Articles: "Glory Road" - Undefeated And Unrenowned, The Texas Western Miners Had Come To Shoot Hoops.




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Matt Gunn

"Glory Road" is the story of the 1966 Texas Western College (known today as the University of Texas at El Paso) national championship basketball team that forever changed the complexion of sports through integration and equality among its players.

The Miners were the first team to feature an all-Black starting lineup. "Glory Road" is also the story of Don Haskins (Josh Lucas), a determined coach in pursuit of a national title, who doesn’t see color in the creation of his team.

"He wasn’t trying to make a statement when he did this, he was just trying to win a basketball game," producer Jerry Bruckheimer said. "When he recruited those players, he just wanted seven good players. He didn’t go out and say ‘I’m going to change society, I’m going to change integration,’ not at all. That’s how the best things happen. They come out of necessity and need."

Haskins provided his players the opportunity to succeed. Rather than simply recruiting the best high school players, Haskins searched inner-city playgrounds, and went into neighborhoods most Division I coaches wouldn’t approach.

The first African-American player to join Haskins was Bobby Joe Hill (Derek Luke), who became the team’s best player and its heart and soul. Though he didn’t want to, Hill took Haskins’ challenge and led the Miners to victory.

No stranger to adversity, Luke approached his role with the determination of a champion.

"My story’s kind of a ‘Glory Road’ itself," Luke said. "I worked at a gift shop. I moved from New Jersey, and I moved with a dream. Like any other dream, to me there are obstacles – not just racists like in the movie, but what I call dream stoppers."

Like his Texas Western counterpart, Luke stayed determined through adversity, and never second-guessed his purpose.

"I never had a plan-b," Luke said. "I research characters the way I live my life. I never negotiated my purpose with anybody."

Researching Bobby Joe Hill meant learning the game of basketball. Though Luke never played, he learned fast. He endured a two-week boot camp, along with extra training, and became a great basketball player in the process.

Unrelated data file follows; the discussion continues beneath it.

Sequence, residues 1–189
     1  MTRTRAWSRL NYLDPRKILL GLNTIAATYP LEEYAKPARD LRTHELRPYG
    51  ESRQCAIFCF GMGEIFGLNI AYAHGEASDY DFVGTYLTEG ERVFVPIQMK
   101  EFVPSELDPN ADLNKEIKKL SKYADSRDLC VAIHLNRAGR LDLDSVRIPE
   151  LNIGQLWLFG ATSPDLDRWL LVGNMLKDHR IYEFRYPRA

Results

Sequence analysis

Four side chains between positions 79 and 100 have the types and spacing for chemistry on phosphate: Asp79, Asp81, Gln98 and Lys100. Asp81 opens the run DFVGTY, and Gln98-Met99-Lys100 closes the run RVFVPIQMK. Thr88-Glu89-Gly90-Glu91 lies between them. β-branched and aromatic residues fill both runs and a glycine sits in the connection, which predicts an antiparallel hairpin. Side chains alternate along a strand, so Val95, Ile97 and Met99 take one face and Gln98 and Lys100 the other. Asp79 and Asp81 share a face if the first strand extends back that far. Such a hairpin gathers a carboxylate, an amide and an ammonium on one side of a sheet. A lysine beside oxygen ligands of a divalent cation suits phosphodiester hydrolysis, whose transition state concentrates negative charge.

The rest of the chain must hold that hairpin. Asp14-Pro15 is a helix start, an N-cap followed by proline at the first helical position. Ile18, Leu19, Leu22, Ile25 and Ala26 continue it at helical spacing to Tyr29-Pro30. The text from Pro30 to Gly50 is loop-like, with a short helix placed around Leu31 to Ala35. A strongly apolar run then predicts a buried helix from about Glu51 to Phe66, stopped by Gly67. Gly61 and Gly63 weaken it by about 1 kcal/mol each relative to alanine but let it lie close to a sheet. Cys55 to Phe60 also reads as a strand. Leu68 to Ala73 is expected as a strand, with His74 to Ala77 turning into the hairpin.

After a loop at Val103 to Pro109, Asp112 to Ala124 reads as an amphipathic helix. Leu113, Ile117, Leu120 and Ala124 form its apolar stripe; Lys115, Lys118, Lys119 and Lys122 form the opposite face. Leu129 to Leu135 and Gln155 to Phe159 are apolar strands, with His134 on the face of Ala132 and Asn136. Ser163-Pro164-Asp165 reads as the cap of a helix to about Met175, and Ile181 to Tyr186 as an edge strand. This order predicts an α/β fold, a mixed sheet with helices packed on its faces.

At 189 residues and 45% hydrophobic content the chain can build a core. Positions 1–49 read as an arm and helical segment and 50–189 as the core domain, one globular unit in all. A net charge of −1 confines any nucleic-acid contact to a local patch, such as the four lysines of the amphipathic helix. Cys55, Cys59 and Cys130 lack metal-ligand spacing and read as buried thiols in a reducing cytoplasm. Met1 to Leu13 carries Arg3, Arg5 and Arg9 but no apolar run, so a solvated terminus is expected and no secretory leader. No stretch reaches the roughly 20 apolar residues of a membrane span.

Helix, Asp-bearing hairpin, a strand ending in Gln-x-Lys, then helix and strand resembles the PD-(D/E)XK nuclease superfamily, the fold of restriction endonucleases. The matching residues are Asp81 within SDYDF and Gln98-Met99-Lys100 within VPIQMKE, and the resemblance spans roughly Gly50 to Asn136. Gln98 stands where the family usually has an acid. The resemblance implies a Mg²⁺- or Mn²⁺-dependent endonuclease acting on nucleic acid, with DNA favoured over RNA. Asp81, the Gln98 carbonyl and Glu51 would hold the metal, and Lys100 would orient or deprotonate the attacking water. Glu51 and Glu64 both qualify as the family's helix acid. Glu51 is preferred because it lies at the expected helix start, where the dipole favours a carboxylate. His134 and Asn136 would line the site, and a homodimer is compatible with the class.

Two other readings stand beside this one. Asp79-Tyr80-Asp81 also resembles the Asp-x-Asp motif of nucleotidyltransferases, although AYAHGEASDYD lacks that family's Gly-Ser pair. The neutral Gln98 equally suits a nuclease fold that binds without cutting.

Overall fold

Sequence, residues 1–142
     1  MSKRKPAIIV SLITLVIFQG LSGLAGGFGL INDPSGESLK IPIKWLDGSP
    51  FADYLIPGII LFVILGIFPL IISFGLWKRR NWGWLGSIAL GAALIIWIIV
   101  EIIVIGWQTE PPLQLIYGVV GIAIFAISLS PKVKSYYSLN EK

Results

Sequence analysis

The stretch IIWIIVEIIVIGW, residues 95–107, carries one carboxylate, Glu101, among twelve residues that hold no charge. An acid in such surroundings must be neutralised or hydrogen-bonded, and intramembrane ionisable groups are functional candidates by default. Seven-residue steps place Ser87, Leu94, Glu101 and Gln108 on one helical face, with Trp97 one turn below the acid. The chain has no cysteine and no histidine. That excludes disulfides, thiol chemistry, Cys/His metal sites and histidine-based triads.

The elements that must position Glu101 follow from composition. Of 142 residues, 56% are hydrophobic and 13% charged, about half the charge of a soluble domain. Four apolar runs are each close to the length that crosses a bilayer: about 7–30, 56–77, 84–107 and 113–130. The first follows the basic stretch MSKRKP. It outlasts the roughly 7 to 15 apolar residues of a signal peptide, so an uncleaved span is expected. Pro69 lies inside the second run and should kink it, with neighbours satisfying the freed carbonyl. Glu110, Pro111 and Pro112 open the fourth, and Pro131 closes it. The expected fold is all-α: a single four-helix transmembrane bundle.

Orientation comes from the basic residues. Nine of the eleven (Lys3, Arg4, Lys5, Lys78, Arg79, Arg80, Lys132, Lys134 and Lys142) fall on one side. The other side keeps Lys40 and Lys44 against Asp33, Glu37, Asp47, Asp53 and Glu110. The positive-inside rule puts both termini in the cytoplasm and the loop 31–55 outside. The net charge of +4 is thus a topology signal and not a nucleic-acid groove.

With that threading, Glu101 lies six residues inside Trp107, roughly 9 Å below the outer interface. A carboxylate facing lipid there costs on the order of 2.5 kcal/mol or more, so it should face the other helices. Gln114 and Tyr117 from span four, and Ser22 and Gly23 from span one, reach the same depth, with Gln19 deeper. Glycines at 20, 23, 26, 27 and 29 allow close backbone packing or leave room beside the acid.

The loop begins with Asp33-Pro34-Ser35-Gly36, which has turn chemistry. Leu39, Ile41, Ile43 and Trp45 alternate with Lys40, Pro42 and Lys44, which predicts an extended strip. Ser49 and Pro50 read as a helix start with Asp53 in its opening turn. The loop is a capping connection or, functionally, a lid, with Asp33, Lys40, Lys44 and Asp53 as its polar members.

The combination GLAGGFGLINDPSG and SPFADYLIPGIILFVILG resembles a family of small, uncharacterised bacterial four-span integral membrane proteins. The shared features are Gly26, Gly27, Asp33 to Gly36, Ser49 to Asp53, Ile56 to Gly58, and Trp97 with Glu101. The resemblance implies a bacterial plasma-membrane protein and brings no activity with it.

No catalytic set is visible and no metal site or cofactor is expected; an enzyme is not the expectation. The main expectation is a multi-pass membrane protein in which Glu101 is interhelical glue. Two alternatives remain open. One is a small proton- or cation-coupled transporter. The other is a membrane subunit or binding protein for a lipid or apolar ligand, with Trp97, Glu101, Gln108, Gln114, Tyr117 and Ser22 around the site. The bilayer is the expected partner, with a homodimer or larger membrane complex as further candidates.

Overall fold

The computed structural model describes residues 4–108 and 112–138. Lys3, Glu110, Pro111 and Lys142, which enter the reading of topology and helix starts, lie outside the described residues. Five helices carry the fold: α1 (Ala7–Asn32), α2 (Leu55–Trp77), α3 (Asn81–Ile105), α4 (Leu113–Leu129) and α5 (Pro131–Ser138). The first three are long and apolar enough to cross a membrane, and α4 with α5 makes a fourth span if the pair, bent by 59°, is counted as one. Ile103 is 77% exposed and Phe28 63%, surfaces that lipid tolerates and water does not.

"Bobby Joe was the best player on that team. He might have been one of the greatest NBA point guards ever had he played basketball," Bruckheimer said. "He could have gone to any university today if he wanted to, but back then, nobody wanted him."

Hill – along with a Texas Western team filled with overlooked players – went all the way to the NCAA championship. Although they came 10 years after Rosa Parks, and 20 years after Jackie Robinson, the Texas Western Miners were constantly faced by racism and a basketball society that didn’t want them.

Their opponent in the championship game was Adolph Rupp and his legendary Kentucky Wildcats. In an arena filled with Confederate flags and unwelcoming fans, the Miners were forced to play their best game.

"In that last game, it was accurate to the film," Bruckheimer said. "So if you took three dribbles before you took the shot, that’s how we shot it. Everything is right down. It’s something that is historically accurate."

The accuracy is striking, and the outcome makes for the most inspiring sports story since "Miracle." Contrasting the hockey film, however, "Glory Road" is about an internal conflict in the United States. Like the 1980 U.S. hockey team, Texas Western succeeded in the end, and forever changed the face of American sports.

"The game meant more than a game," Luke said. "It was about being excellent. Coach Haskins demanded excellence out of them. They turned around and the racism was in the front, but as they were pursuing excellence, they passed it in the race."


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